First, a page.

Her Check-Up: Constipated? These Could Be The Reasons You’re Not Flushing Out Your System
Constipation can be uncomfortable, painful and not to mention embarrassing. Whether you’re changing your diets, or drinking a tonic, sometimes your best efforts leave you feeling bloated and in discomfort.
It may not be the easiest conversation to have with a doctor so here are some of the main factors that could be stopping you from using the toilet:
Everyone loves a good holiday, but the trip away can mean a break in your regular bowel movements.
Trips to foreign countries can interrupt your diet, meaning your tummy finds it more difficult to digest the new food. Be sure to eat enough fibre rich foods (25g a day for adult women), or pack a fibre rich cereal bar for a boost to your bowel health.
Chilling On The Couch
If you’ve fallen off the treadmill bandwagon, it might be the time to get back out for a run. Exercise can help your intestines process food more regularly and keep your bowel movements in check. As if you needed one more reason why exercise is good for you!
Drinking enough water is crucial to maintaining a healthy tummy. As with any tip to keep up your fibre intake, water bulks with the water to help the food group pass through your system. If you don’t take in enough water, the fibre can easily story in your gut leading to constipation.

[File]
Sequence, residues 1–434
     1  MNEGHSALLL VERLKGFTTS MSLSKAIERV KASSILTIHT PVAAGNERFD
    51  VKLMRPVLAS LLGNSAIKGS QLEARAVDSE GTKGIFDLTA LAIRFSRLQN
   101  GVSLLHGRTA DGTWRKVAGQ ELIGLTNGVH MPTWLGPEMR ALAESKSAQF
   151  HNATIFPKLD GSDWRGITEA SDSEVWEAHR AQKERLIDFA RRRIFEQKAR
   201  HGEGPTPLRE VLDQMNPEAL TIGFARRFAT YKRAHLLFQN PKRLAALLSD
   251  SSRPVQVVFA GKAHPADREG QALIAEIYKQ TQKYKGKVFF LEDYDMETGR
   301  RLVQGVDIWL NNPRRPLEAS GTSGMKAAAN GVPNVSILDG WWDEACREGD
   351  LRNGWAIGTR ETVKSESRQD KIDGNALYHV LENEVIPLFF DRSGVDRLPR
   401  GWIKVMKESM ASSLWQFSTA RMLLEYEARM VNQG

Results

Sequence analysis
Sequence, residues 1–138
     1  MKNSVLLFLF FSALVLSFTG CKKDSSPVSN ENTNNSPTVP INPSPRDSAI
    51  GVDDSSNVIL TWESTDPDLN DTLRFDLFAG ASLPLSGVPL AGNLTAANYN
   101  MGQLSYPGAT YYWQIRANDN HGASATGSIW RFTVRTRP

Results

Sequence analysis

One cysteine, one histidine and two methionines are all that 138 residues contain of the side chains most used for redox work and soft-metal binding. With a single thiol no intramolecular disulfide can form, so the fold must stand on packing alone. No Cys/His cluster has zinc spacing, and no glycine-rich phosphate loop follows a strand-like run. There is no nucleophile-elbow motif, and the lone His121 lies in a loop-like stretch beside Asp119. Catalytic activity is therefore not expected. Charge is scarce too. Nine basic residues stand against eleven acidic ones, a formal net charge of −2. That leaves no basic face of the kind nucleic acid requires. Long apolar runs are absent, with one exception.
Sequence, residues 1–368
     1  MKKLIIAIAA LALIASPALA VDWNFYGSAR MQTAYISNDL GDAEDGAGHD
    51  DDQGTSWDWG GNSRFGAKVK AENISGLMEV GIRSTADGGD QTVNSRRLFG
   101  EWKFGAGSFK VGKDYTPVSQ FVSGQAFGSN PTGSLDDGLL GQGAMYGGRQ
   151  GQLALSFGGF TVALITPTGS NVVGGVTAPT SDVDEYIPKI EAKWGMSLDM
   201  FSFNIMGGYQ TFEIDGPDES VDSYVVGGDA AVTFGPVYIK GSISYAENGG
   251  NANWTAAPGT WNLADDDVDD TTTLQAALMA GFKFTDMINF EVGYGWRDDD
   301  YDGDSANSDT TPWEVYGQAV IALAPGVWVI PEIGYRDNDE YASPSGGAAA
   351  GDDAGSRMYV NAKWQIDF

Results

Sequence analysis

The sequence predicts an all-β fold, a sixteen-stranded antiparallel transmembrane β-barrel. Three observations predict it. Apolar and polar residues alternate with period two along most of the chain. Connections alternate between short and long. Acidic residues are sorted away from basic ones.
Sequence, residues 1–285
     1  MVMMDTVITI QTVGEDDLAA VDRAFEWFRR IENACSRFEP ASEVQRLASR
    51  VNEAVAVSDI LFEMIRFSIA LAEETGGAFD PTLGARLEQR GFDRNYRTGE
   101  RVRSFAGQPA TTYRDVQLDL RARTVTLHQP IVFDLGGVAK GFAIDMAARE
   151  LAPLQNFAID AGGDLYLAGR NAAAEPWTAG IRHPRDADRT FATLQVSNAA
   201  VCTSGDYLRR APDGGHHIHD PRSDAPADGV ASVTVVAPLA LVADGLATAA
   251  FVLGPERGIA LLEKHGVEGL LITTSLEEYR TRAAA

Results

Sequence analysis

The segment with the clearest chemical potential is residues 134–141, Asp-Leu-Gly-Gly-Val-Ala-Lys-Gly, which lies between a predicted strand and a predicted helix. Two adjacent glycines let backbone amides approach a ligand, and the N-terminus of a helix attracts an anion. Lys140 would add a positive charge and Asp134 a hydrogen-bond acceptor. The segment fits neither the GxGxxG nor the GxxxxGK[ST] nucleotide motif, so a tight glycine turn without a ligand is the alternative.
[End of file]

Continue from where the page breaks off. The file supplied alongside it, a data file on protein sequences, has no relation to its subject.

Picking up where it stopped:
Although pregnancy is an incredible journey, the effects can take some wear and tear on the body. Constipation is a common side-effect of pregnancy. If you’re pregnant and feeling blocked up, keep a diary of foods that affect your condition the most and avoid these in your diet.
Stress or lack of sleep (or both, since they are so often linked), can wreak havoc on your nervous system, and that interplay may make it much harder to go to the bathroom.
Try taking a hot bath with essential oils lavender and ylang ylang to relax your muscles and set you up for a proper night’s sleep.
Suffering from IBS
Irritable bowel syndrome (IBS) is a disorder of colon where the bowel overreacts to a mild stimulus. Triggers can include eating, or the presence of gas, and can cause the bowel to go into spasm. The condition is also reffered to as spastic colon. IBS is characterised by abdominal pain, bloating and irregular bowel habits – including alternating diarrhoea and constipation. A doctor will assess treatment based on the degree of your symptoms. To help in your treatment, try keep a diary of any tummy upsets so you can base a treatment on triggers.
There are a number of steps you can take to help your condition, such as dietary changes, stress management or medication. For more information on IBS, check out our breakdown here.
As with all health conditions, if you are concerned about your health or have persistent symptoms, be sure to book an appointment with your local doctor.